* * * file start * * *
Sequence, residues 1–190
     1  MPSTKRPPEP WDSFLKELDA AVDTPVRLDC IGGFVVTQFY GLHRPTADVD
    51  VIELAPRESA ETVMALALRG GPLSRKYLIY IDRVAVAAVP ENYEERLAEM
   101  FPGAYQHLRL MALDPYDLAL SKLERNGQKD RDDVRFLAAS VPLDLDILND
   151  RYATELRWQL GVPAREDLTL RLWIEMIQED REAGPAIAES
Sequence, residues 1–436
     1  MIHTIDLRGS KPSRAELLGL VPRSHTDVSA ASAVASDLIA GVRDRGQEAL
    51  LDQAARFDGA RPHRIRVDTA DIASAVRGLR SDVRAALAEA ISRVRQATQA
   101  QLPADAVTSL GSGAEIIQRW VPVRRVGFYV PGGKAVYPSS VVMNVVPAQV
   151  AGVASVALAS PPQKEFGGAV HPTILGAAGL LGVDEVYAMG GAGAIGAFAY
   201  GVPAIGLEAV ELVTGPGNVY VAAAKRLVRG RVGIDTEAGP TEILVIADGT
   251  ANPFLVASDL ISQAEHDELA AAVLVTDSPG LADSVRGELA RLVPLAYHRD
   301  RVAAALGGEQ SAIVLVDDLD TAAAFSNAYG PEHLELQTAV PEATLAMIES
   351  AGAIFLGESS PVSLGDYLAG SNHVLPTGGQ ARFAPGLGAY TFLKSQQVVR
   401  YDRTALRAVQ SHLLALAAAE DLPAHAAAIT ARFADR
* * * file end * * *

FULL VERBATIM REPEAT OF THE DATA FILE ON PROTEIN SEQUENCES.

Sequence, residues 1–190
     1  MPSTKRPPEP WDSFLKELDA AVDTPVRLDC IGGFVVTQFY GLHRPTADVD
    51  VIELAPRESA ETVMALALRG GPLSRKYLIY IDRVAVAAVP ENYEERLAEM
   101  FPGAYQHLRL MALDPYDLAL SKLERNGQKD RDDVRFLAAS VPLDLDILND
   151  RYATELRWQL GVPAREDLTL RLWIEMIQED REAGPAIAES
Sequence, residues 1–436
     1  MIHTIDLRGS KPSRAELLGL VPRSHTDVSA ASAVASDLIA GVRDRGQEAL
    51  LDQAARFDGA RPHRIRVDTA DIASAVRGLR SDVRAALAEA ISRVRQATQA
   101  QLPADAVTSL GSGAEIIQRW VPVRRVGFYV PGGKAVYPSS VVMNVVPAQV
   151  AGVASVALAS PPQKEFGGAV HPTILGAAGL LGVDEVYAMG GAGAIGAFAY
   201  GVPAIGLEAV ELVTGPGNVY VAAAKRLVRG RVGIDTEAGP TEILVIADGT
   251  ANPFLVASDL ISQAEHDELA AAVLVTDSPG LADSVRGELA RLVPLAYHRD
   301  RVAAALGGEQ SAIVLVDDLD TAAAFSNAYG PEHLELQTAV PEATLAMIES
   351  AGAIFLGESS PVSLGDYLAG SNHVLPTGGQ ARFAPGLGAY TFLKSQQVVR
   401  YDRTALRAVQ SHLLALAAAE DLPAHAAAIT ARFADR